Q. What is the name of the Indian institute which launched the India's first model sports village {2} program redacted with {1} in the above passage?

Solution:

The Institute of management and technology IMT Ghaziabad launched the India's first model sports village (Adarsh Khel gram) program and picked up Bahadarpur and Khedi-Viran villages in the Western Uttar Pradesh for the ambitious Adarsh Khel gram plan.

QUESTION: 6

Passage - 2

The {1} launched India's first model sports village {2} program and picked up Bahadarpur and Khedi-Viran villages in the {3}for the ambitious {2} plan.
Under the {2} program, {1} in association with NGO 'Sports: A Way of Life', will evolve sports culture and increase sports literacy in the twin villages.
This will be carried out by distributing free booklets, sports magazines and books that will provide the villagers with basic knowledge. All verandahs, courtyards will be developed as primary sports ground management.
One hour every day from 4pm-5pm will be the designated time to play sports. {1} will also provide all Olympic related sports equipment to every child in every house and talent hunt will be carried with the help of several inter and intra village tournaments among other things.
"When we went to the villages to talk about sports and depression, sports and labour management, we found out that people there dont know what is sports. That's how the idea of sport literacy and culture came into the picture,".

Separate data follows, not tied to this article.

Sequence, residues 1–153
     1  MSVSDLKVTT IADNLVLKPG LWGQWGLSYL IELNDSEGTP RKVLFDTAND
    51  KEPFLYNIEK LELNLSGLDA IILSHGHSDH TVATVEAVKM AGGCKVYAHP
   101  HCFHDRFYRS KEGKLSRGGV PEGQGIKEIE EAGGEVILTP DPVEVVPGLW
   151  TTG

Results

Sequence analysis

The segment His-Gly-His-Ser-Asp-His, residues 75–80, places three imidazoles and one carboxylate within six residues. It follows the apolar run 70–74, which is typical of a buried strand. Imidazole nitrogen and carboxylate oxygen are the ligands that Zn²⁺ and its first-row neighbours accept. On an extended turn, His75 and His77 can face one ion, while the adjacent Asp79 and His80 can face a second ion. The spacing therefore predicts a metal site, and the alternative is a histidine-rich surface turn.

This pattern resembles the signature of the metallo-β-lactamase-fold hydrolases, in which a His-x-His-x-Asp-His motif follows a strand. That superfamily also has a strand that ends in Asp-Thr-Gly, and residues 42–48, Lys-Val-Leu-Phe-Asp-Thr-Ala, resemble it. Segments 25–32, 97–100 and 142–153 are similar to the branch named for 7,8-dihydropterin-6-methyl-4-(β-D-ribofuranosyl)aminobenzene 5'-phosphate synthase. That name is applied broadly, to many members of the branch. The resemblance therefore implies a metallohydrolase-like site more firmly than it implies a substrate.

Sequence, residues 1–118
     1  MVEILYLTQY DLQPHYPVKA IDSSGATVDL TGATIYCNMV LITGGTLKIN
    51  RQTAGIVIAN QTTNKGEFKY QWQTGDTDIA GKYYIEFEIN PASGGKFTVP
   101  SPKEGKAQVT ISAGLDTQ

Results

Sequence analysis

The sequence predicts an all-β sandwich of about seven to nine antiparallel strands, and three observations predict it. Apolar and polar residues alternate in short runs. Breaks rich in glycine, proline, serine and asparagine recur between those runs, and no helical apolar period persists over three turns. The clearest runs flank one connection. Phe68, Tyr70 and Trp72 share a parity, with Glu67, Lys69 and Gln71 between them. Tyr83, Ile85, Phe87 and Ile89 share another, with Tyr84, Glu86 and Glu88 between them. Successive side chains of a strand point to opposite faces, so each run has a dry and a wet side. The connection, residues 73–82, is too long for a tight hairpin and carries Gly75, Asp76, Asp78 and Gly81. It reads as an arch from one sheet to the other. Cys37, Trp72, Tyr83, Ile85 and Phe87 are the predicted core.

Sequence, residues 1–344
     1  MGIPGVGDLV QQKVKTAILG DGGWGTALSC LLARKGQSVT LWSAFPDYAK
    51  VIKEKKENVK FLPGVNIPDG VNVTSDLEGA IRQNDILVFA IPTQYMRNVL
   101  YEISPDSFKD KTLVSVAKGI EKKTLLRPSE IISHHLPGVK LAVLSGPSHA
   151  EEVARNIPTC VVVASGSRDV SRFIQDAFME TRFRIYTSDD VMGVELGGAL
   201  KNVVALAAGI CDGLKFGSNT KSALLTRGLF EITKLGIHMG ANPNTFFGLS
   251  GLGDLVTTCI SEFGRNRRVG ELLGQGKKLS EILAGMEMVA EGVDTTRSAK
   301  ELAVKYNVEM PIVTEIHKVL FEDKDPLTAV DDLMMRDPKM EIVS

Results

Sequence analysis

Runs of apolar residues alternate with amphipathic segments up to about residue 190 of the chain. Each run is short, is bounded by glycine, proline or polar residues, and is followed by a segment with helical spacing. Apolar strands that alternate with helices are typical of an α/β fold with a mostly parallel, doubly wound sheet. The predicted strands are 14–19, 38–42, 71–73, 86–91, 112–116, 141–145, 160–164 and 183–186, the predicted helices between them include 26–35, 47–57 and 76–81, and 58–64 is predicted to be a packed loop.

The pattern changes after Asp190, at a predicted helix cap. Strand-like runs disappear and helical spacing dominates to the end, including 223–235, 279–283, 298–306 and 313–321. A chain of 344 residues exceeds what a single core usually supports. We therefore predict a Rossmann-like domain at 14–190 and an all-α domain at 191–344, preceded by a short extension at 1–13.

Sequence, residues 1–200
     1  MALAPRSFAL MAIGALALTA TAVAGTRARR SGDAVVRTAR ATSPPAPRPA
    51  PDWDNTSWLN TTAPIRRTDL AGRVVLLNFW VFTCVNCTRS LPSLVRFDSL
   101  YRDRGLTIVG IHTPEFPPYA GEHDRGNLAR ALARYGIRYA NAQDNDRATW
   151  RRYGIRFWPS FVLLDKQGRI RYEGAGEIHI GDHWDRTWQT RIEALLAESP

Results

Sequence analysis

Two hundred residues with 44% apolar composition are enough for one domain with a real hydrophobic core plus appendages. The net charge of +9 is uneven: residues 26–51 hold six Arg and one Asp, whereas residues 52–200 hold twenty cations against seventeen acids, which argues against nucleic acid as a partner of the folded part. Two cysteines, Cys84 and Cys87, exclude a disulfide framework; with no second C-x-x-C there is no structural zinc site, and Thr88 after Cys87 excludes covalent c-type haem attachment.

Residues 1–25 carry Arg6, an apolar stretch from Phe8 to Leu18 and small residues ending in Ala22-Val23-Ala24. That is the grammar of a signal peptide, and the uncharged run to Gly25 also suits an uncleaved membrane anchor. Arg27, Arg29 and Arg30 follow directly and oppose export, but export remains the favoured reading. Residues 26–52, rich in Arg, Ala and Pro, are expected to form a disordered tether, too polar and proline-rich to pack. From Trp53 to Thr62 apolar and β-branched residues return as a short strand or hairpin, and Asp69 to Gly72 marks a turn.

Javelin thrower Devendra Jhajharia, who was present during the launch, said: "I like the concept of working in the rural sector. Because if we see, 80 per cent of India's Olympic medallist have come from the villages. Talent is in plenty in villages but facilities are less." "This will develop a sports culture in the country and also send out a message that India is working on the sports sector," he added.

Q. Who is the only Olympic medalist to serve as the Minister of Youth Affairs and Sports of India?

Solution:

Rajyavardhan Singh Rathore is the first sportsperson to become sports minister.

QUESTION: 7

Passage - 2

The {1} launched India's first model sports village {2} program and picked up Bahadarpur and Khedi-Viran villages in the {3}for the ambitious {2} plan.
Under the {2} program, {1} in association with NGO 'Sports: A Way of Life', will evolve sports culture and increase sports literacy in the twin villages.
This will be carried out by distributing free booklets, sports magazines and books that will provide the villagers with basic knowledge. All verandahs, courtyards will be developed as primary sports ground management.